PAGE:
12. 12. Instance Type Classes<br />Micro<br />t1.micro(*up to 2 ECU)<br />Standard<br />m1.small(1 ECU)<br />m1.large(2 ECU * 2 core)<br />m1.xlarge(2 ECU * 4 core)<br />High Memory<br />m2.xlarge(3.25 ECU * 2 core)<br />m2.2xlarge(3.25 ECU * 4 core)<br />m2.4xlarge(3.25 ECU * 8 core)<br /><ul><li>High Compute
  13. 13. c1.medium
  14. 14. c1.xlarge
  15. 15. Cluster Compute
  16. 16. cc1.4xlarge
  17. 17. Cluster GPU
  18. 18. cg1.4xlarge</li></ul>*t1.micro is burstable, you share<br /> the CPU with others and get any <br />unused cpu Cycles when needed<br />Nodes in yellow are 32-bit, other are 64-bit<br />
  19. 19. Geez. What does it cost?<br />There is a sea of pricing options making it very flexible.<br />You can get very creative in how you manage these costs.<br />There are three major pricing schemes for an EC2 instance.<br />On-Demand Pricing<br />Reserved Pricing<br />Spot Pricing<br />
  20. 20. It’s Priced Hourly<br />These prices are only for one particular instance size, the T1.MICRO which is the smallest & cheapest instance type<br />The pricing plans are not only different in pricing, but also have differences in instance availability<br />
  21. 21. An Instance Hour<br />Each hour or partial hour you are using any EC2 Instance counts as an “Instance Hour” you are billed by the instance hour<br />
  22. 22. On Demand Pricing<br />Request an instance on demand and use it until you are done with it<br />More expensive than other pricing options from an hourly perspective<br />Contingent on Capacity, if AWS has no available capacity for the instance type in the availability zone that you requested, you will get an “out of capacity” error.<br />
  23. 23. Reserved Pricing Plan<br />Requires a 1 year or 3 year commitment and a corresponding commitment fee<br />Can’t be used on SQL Server Standard instances<br />Usually saves ~30-55% for instances that are run continually (24x7)<br />Guarantees you that an instance for your reservation type in the AZ of your reservation will always be available upon your request<br />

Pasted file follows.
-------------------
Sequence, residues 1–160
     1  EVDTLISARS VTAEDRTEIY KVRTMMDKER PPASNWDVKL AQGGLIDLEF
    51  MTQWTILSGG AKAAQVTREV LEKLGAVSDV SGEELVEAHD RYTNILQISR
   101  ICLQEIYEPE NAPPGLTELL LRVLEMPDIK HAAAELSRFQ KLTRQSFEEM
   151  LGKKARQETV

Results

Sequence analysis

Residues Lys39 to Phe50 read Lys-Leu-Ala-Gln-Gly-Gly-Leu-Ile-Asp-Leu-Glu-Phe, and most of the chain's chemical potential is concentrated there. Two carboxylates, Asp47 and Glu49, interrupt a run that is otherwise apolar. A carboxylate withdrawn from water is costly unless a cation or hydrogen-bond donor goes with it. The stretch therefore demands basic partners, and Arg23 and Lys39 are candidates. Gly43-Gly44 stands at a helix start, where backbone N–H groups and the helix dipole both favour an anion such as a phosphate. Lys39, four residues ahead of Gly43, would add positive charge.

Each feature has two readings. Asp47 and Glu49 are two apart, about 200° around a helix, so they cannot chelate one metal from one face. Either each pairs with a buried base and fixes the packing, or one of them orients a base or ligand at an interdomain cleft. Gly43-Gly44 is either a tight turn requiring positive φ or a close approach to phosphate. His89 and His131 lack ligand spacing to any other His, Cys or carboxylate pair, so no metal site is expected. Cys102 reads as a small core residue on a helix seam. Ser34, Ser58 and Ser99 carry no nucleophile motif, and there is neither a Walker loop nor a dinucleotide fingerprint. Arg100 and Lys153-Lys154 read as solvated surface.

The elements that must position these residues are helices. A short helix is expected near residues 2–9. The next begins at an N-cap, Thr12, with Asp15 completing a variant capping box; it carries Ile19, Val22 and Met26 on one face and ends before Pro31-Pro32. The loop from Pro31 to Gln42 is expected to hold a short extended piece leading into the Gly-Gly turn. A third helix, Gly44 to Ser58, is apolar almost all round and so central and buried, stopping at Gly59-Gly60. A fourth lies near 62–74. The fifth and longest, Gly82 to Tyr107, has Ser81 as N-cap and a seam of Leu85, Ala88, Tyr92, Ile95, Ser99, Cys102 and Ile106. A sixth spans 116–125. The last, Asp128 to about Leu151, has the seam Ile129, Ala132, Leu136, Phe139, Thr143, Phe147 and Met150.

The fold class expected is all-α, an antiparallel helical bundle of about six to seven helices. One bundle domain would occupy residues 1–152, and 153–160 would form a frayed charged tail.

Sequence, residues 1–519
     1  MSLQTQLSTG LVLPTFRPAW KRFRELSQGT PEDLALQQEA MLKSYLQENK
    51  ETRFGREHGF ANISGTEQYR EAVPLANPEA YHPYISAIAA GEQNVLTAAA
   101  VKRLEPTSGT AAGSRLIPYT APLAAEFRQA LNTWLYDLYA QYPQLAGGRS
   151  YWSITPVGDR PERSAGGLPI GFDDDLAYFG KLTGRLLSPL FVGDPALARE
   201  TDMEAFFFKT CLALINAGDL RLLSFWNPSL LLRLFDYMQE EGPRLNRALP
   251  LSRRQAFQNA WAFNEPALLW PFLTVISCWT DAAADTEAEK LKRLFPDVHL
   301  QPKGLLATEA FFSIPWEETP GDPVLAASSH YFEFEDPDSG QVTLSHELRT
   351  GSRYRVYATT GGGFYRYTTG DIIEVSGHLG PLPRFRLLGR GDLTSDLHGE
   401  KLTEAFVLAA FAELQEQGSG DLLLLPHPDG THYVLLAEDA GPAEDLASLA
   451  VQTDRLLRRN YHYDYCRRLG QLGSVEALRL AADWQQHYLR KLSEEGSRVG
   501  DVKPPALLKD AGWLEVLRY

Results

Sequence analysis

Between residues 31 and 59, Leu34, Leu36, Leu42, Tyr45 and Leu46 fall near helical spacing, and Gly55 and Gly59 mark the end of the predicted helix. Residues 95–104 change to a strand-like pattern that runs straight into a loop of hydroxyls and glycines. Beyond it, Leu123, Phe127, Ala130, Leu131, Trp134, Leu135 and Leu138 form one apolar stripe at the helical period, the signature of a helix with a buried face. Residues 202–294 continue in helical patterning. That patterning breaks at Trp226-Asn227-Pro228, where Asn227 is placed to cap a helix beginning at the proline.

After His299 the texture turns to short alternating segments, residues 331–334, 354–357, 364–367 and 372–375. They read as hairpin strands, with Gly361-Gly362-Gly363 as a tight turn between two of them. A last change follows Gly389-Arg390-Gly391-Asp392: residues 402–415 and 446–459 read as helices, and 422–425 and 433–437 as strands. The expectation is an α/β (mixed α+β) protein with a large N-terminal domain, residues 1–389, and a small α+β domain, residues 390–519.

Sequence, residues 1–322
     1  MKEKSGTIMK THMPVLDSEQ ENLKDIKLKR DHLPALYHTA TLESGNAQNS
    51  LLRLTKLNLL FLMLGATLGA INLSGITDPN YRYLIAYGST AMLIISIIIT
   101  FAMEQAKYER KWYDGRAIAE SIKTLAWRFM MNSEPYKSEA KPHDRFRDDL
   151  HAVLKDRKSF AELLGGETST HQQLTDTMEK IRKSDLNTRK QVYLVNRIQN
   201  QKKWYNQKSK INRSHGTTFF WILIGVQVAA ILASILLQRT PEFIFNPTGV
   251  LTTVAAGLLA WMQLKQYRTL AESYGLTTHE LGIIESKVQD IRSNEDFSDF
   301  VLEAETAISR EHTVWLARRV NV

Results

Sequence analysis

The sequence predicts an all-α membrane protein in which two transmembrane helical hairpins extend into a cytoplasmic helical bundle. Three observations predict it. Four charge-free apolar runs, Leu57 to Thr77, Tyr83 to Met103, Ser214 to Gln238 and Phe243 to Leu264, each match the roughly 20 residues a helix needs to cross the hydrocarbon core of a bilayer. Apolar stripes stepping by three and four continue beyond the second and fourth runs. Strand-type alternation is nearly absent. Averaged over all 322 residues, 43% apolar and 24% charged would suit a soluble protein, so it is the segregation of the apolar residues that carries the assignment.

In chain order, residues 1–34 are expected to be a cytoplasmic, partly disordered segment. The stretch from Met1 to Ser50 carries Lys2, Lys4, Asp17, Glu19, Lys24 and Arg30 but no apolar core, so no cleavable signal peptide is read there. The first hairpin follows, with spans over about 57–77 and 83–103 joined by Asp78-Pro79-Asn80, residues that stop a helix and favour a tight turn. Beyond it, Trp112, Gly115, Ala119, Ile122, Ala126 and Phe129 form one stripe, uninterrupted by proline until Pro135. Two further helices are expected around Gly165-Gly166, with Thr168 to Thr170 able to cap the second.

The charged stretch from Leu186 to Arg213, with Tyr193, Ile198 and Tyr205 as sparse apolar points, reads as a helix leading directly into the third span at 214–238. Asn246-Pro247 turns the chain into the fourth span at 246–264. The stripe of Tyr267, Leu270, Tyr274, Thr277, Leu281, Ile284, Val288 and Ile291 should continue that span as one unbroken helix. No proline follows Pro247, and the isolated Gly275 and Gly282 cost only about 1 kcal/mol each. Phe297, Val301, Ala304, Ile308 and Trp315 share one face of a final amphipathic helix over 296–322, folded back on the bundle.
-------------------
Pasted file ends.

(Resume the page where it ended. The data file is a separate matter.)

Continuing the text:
24. 24. UnderstandingReserved Pricing<br />Reserved Pricing Doesn’t buy you another instance<br />Assume you use a Linux t1.micro instance 24x7 for an entire year ON-DEMAND. You are paying for 24*365=8760 instance hours @ $0.02<br />$175.20 per year<br />If you buy a “1 Year Reservation” for a Linux t1.micro instance, you have simply bought the right to pay $0.007 per hour for ~8760 instance hours during the next year instead of $0.02 per hour.<br />It doesn’t apply to any particular ec2 instance, it’s more of a billing discount, the 1 year reservation you just purchased will be automatically apply to one of your existing instances that match the reservation criteria<br />It does however guarantee that at least one type of this instance will be available for your use whenever you need it<br />
  25. 25. Spot Pricing<br />How Amazon monetizes all it’s available resources<br />Works like the stock market<br />More Demand = Higher Price<br />Bid based model, people who Bid more will steal resources from the person with the lowest bid<br />Should only be used to host applications that have tolerance for being randomly shut down without notice<br />Usually the cheapest pricing, but not always<br />